ELKHART, Ind.—In the RV capital of the United States, life has been pretty darn good.
Just ask Dwight Miller, the vice president for operations at Dometic, a company that builds appliances and other equipment that are essential for RVs.
For years now, customers have been gobbling up mobile homes. Sales are robust. Unemployment is low. And Elkhart, Indiana, the center of it all, is booming. On Middlebury Street along the town’s main stretch, manufacturers and warehouses have full parking lots and “we’re hiring!” signs planted in the grass along the road. Restaurants and bars have popped up downtown. New lofts are coming, too, as is a $65 million aquatic center.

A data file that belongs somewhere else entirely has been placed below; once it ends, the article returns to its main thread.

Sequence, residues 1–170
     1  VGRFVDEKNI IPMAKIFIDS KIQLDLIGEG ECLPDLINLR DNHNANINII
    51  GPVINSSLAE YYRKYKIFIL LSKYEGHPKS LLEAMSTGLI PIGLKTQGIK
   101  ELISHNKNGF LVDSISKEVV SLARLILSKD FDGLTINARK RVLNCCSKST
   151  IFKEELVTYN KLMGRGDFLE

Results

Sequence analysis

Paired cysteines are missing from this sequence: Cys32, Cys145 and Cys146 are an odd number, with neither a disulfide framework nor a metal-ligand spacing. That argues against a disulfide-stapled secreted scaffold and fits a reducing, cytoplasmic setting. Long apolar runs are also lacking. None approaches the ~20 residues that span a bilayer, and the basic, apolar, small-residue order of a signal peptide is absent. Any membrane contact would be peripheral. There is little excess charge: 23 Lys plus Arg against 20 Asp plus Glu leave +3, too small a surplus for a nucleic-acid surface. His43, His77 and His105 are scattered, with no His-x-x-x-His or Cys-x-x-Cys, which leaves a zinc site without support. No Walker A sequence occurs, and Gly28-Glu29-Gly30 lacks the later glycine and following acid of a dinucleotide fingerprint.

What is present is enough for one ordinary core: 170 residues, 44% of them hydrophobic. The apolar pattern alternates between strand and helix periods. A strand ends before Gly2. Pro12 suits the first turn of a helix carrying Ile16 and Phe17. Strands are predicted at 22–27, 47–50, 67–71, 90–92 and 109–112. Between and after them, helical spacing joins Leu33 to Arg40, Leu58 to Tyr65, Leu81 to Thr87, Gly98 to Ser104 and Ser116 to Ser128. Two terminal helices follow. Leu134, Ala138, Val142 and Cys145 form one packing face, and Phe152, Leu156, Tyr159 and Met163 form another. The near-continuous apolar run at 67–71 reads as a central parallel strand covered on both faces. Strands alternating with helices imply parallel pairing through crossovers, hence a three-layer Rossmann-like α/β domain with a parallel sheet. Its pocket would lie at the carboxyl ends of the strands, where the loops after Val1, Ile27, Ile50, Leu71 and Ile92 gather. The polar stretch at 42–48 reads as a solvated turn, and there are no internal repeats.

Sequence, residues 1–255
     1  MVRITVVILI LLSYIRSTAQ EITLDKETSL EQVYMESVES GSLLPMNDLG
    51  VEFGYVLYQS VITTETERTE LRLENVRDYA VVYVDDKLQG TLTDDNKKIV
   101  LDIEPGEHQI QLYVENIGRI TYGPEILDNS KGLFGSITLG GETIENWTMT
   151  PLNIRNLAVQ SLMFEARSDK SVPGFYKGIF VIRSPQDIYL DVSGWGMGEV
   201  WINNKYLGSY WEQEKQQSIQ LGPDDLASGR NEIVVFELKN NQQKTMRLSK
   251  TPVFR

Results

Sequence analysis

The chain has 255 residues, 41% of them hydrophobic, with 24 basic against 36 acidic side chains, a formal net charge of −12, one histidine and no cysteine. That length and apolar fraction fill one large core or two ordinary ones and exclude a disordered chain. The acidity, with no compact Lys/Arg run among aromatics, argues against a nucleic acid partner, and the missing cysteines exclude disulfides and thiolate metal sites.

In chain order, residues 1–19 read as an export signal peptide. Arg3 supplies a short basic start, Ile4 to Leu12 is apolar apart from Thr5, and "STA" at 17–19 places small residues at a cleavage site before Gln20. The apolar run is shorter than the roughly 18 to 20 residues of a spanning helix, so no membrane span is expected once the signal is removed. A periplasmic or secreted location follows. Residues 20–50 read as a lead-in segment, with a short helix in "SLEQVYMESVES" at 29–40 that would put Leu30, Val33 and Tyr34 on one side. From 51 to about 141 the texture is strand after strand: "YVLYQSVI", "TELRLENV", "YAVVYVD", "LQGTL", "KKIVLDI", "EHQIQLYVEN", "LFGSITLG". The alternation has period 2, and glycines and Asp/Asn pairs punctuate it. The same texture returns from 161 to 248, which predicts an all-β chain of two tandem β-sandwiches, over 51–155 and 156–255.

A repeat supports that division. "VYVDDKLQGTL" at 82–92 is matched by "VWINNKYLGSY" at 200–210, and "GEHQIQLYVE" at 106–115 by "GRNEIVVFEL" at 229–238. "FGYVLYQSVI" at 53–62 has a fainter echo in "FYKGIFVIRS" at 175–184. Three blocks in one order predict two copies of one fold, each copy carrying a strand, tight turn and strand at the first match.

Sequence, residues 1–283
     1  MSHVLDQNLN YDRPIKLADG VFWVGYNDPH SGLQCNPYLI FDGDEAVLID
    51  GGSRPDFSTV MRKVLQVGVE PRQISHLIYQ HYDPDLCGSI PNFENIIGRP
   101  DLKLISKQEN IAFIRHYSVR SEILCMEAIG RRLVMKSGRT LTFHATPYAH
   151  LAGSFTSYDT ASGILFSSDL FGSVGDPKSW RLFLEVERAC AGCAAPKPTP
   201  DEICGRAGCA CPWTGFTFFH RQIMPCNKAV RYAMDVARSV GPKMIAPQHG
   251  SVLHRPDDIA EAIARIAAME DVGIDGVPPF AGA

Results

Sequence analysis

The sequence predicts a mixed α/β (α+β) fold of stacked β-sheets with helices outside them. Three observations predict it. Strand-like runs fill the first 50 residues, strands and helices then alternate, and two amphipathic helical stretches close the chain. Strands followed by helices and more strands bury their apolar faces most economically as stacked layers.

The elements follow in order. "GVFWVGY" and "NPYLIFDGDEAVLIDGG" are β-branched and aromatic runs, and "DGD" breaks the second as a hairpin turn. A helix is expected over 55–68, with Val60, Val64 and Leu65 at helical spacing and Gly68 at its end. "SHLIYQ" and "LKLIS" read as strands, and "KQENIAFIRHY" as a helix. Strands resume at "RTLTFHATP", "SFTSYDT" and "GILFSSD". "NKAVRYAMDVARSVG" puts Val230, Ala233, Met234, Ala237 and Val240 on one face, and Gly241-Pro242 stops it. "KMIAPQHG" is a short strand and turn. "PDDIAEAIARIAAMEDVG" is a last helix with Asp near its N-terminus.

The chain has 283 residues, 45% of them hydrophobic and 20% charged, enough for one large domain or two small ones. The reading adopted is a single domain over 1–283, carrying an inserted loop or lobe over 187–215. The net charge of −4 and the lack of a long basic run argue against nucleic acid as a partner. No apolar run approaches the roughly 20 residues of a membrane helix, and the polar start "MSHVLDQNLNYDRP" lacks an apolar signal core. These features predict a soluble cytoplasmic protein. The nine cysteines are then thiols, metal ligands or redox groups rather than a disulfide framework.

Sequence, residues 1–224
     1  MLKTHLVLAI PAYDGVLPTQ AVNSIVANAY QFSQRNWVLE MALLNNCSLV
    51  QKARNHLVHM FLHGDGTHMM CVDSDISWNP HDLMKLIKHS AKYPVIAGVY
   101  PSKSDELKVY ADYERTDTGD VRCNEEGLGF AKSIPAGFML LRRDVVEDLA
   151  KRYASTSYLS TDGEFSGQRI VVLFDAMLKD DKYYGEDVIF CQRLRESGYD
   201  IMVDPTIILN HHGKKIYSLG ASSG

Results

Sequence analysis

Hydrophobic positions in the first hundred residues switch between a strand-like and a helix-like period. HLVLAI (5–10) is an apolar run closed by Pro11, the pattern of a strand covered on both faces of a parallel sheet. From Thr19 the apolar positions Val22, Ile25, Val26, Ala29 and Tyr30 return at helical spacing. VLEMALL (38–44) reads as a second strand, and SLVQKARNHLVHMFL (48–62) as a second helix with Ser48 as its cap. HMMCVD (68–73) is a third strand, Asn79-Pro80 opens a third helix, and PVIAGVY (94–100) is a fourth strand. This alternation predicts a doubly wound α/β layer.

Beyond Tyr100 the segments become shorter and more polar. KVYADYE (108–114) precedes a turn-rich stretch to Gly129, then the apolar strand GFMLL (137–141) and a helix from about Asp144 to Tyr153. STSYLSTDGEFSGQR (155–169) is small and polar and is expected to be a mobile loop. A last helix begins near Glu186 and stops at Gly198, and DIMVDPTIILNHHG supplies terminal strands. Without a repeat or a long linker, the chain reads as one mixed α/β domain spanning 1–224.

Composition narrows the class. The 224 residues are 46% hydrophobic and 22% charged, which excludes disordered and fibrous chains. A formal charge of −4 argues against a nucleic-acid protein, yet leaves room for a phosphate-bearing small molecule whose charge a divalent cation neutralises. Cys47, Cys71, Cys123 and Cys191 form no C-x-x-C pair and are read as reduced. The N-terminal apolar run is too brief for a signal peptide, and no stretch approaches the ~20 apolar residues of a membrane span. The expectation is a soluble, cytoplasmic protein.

But as thrilled as Miller is about his city’s current fortunes, ominous signs have recently begun to emerge. A trade war started by President Donald Trump—specifically the tariffs imposed on steel and aluminum imports—is threatening to unravel the progress made in this key industrial hub in Vice President Mike Pence’s home state. So far, the effects have been limited, measured mostly in greater inventory instead of job losses. But these manufacturers fear what will come if they don’t get clarity soon.
“It was sprung on so quickly on short notice,” Miller said in an interview at one of Dometic’s manufacturing plants here. “I would’ve liked to have more time to say, ‘Okay, I’ve got what you’re doing. I see what the bigger picture is. Can you give me 12 months to react to something instead of two weeks?’ It just seemed like it was a knee-jerk reaction and not very thought through—what the ramifications would be. Maybe there’s a bigger picture I’m just not seeing in my mini-world.”